Horse Riding as Therapy Shows Promise in Improving Postural Balance in Kids with Cerebral Palsy

Horse Riding as Therapy Shows Promise in Improving Postural Balance in Kids with Cerebral Palsy

Hippotherapy, based on the use of horse riding as a therapeutic or rehabilitative treatment, can improve postural balance in the sitting position, dynamic balance, and functionality in children with cerebral palsy,  according to a study by researchers in Brazil.

The study, “The effects of hippotherapy on postural balance and functional ability in children with cerebral palsy,” was published in the Journal of Physical Therapy Science.

Children with cerebral palsy have certain muscles excessively active in the body’s attempt to compensate for the instability caused by muscle weakness associated with the disease. However, this compensation mechanism may lead to muscle imbalance, increased hypertonia (an abnormal increase in muscle tension), and abnormalities that interfere with postural balance, which is important in developing complex motor skills. Postural imbalance can impact functional activities and limit the child’s participation in several activities.

The study’s aim was to investigate whether hippotherapy would have a beneficial effect on parameters such as the seated postural balance, dynamic balance, and functional performance in children with cerebral palsy.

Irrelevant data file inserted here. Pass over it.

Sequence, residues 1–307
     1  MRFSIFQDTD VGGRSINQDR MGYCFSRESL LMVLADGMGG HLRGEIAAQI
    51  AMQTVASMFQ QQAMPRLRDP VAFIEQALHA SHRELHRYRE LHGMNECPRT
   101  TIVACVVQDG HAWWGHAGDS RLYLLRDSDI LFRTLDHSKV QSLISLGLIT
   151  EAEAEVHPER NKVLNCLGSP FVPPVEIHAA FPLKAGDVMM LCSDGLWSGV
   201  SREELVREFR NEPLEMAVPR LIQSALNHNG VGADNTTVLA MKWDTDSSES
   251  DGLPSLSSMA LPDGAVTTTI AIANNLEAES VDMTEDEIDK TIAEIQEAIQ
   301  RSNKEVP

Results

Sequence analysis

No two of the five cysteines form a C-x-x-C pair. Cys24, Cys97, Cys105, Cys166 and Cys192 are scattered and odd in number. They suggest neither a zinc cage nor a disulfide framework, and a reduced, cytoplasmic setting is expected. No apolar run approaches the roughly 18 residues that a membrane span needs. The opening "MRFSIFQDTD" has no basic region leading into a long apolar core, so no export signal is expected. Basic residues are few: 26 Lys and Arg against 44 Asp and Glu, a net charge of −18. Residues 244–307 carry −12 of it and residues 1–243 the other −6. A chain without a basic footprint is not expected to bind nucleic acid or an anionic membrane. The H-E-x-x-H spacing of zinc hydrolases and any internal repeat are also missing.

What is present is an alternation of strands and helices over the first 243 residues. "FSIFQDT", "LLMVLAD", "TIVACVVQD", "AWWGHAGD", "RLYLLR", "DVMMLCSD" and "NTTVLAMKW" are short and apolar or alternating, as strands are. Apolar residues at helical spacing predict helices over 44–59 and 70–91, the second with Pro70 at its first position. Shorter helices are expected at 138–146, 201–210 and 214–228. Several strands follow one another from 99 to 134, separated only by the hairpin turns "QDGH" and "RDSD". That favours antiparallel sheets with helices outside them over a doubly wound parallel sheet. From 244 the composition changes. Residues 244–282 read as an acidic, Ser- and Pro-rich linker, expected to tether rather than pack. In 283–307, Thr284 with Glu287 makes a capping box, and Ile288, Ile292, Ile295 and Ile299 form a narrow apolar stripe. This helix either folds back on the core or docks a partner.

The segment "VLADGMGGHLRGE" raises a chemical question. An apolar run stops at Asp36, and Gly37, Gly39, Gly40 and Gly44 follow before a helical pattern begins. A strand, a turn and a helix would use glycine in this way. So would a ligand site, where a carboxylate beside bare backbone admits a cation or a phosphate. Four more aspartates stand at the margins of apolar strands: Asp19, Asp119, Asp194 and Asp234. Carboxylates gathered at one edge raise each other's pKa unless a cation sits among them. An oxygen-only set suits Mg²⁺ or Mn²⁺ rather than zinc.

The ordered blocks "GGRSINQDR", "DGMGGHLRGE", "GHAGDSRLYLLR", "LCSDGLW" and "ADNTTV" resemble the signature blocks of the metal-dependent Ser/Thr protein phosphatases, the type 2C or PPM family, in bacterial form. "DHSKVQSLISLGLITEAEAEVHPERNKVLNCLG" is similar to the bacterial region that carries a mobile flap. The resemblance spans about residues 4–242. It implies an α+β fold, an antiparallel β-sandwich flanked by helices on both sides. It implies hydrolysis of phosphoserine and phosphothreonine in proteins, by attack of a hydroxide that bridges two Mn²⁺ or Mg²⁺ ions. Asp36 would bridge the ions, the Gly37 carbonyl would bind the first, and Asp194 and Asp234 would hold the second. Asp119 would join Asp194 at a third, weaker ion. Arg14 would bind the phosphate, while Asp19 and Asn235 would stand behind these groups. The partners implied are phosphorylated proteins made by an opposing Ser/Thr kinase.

It included 15 children with cerebral palsy, ages 5 to 10. Hippotherapy was performed for 30 minutes, twice a week, and researchers evaluated the evolution of the patients after 12 and 24 sessions of the treatment.

The postural balance in a sitting position was assessed using an AMTI AccuSway Plus force platform, both one week before and 12 and 24 sessions after the beginning of the treatment. The Berg Balance Scale (BBS) and Pediatric Evaluation of Disability Inventory (PEDI) were also used before and after the sessions.

“Significant differences were observed for center of pressure (COP) variables, including medio-lateral (COPml), anteroposterior displacement (COPap), and velocity of displacement (VelCOP), particularly after 24 sessions,” the authors wrote in their report.

“Our study observed improvement in all areas, including self-care, mobility, and social function, thus allowing the children to efficiently perform daily living activities related to actions such as object handling, eating, hygiene, locomotion, and social interaction.”

According to the authors, the rhythmic and repetitive movements of the horse promotes straightening-up reactions and postural balance by requiring continuous adjustment from the rider’s body in a changing environment. The exercise also increases the awareness of the weight of the body, body alignment, and center of gravity in the children.

The small number of patients and the absence of a control group limited the study, but the team believes their results support the use of hippotherapy to improve postural balance in children with cerebral palsy.

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